Effective governance of kura
 and schools is critical to improving the quality of educational outcomes for students.
The context for Māori-medium kura governance is unique and provides opportunity for whānau,
 hapū and iwi to actively contribute to the strategic development of their kura. Consequently, most kura adopt a collective, whānau-driven approach to governance. This reflects their expectation of high levels of participation and involvement by whānau across the range of activities in kura, including kura governance.
This report presents findings from ERO’s review of the relevance and usefulness of governance training for boards of trustees and whānau members in kura. The total number of Māori-medium kura is small (around 90) and comprises approximately 3.5% of all schools in New Zealand. The findings of this report are from an evaluation of nine kura which were reviewed in late 2009 and early 2010.
ERO found the training used by boards and whānau was effective in just over half the kura in this review. In most of the kura, training had a significant impact on their governance practice. Decisions about training were influenced by the collective training needs of the board and whānau, the cost and time required to participate in training, and the availability of members to attend training.
Three key factors were typically associated with significant improvements to governance practice as a result of training undertaken by boards and whānau. These were:
- purposeful and relevant governance training that responded directly to the identified needs and priorities of their kura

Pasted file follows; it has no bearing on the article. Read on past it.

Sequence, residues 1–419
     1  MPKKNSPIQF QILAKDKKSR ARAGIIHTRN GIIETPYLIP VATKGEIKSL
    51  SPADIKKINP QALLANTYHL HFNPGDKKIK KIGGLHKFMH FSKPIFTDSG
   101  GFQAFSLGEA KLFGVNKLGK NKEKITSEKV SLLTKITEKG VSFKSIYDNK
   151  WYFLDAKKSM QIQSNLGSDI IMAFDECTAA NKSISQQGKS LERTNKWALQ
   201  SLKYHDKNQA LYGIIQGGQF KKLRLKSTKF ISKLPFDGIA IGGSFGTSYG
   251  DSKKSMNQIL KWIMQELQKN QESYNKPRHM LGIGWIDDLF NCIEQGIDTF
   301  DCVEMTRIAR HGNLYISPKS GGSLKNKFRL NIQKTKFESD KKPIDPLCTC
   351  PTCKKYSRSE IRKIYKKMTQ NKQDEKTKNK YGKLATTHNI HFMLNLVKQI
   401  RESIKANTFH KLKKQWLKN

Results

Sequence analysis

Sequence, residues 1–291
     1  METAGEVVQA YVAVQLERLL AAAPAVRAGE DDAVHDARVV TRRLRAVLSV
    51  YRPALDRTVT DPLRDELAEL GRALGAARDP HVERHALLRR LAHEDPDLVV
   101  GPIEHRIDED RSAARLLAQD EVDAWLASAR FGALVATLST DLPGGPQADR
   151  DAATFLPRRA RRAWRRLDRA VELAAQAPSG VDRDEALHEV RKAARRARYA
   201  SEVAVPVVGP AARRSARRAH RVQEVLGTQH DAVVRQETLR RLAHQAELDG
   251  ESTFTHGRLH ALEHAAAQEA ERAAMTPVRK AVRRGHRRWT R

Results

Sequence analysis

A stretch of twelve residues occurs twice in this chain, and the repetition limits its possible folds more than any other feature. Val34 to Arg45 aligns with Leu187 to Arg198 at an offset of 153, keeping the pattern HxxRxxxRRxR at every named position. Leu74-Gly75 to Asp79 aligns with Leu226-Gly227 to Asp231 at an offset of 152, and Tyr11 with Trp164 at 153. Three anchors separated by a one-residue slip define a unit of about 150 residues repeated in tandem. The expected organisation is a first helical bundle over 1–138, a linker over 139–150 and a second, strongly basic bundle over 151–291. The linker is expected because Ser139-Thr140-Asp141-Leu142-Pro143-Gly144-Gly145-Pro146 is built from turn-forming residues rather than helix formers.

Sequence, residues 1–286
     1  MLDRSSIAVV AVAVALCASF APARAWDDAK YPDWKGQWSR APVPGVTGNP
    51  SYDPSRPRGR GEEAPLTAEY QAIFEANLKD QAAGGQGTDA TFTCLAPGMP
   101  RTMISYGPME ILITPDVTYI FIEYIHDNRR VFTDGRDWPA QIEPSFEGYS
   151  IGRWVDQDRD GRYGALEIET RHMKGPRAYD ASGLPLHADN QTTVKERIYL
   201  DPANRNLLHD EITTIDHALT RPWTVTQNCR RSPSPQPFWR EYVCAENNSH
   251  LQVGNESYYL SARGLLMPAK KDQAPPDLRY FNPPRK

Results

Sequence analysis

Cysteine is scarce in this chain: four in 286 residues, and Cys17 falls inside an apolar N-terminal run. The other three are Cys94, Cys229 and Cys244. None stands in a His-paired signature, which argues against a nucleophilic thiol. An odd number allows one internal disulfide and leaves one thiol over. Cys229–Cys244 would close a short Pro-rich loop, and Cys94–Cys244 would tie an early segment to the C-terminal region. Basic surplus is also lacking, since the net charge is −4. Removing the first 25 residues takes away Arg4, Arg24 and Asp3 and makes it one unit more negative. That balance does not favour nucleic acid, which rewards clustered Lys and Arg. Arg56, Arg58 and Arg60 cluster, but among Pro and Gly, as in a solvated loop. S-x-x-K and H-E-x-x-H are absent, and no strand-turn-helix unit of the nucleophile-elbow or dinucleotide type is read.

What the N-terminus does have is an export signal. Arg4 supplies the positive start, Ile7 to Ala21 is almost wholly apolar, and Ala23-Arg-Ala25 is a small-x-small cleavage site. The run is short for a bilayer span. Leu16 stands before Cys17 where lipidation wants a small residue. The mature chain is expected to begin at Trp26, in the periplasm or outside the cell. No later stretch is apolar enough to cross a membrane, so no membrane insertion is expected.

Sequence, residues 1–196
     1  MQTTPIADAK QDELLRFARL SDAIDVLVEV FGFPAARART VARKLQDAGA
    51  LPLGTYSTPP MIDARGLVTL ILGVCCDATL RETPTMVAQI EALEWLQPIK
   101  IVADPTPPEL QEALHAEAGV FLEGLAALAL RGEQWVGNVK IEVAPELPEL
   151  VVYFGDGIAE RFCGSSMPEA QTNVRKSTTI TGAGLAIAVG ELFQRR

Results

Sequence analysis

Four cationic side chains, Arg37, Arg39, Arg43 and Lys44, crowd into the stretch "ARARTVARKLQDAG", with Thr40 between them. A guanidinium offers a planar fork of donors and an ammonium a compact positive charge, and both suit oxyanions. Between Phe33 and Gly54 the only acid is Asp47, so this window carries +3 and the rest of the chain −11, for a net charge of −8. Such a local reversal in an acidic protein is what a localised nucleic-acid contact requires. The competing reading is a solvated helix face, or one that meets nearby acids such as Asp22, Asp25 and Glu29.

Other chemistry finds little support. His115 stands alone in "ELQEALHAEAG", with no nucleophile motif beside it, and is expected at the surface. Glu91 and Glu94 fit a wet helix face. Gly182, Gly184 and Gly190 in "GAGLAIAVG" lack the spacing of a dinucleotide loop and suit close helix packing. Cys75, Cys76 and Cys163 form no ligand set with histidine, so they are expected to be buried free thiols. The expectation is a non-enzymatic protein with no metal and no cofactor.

- a focus on enhancing student achievement and success through improving the governance capacity and capability of boards and whānau
- recognition of succession planning to support kura in developing and sustaining effective governance practices.
ERO identified significant improvements in governance practices which boards and whānau attributed to the training undertaken. Boards and whānau members had increased their capacity and confidence to manage their governance roles and responsibilities. This confidence led to deliberate and informed improvements to governance practice and more effective use of resources in line with the priorities and needs of the kura.
The relatively small roll size of most kura means it is important that boards and whānau are proactive in establishing a strong foundation for governance. This can involve encouraging more whānau members to have ongoing involvement in governance activities and continuing to promote whānau involvement and participation in the kura.
Kura with robust self-review processes are more able to identify and prioritise training needs for individual and groups of trustees and whānau members that will improve outcomes for students. Their decisions about training are often linked to the strategic priorities of the kura. A well planned approach to achieve specific outcomes and address any areas of internal capability for governance was evident in kura with effective self review. These boards and whānau also allowed time for discussions to reflect on the outcomes of the training and identify how their governance practice could be improved as a result of the training.
The inherent differences between governance in kura and mainstream schools highlight the importance of training that supports the context in which boards and whānau operate. The best training for boards and whānau is designed specifically to reflect the models of governance in kura, rather than training adapted from systems and practices used in mainstream schools.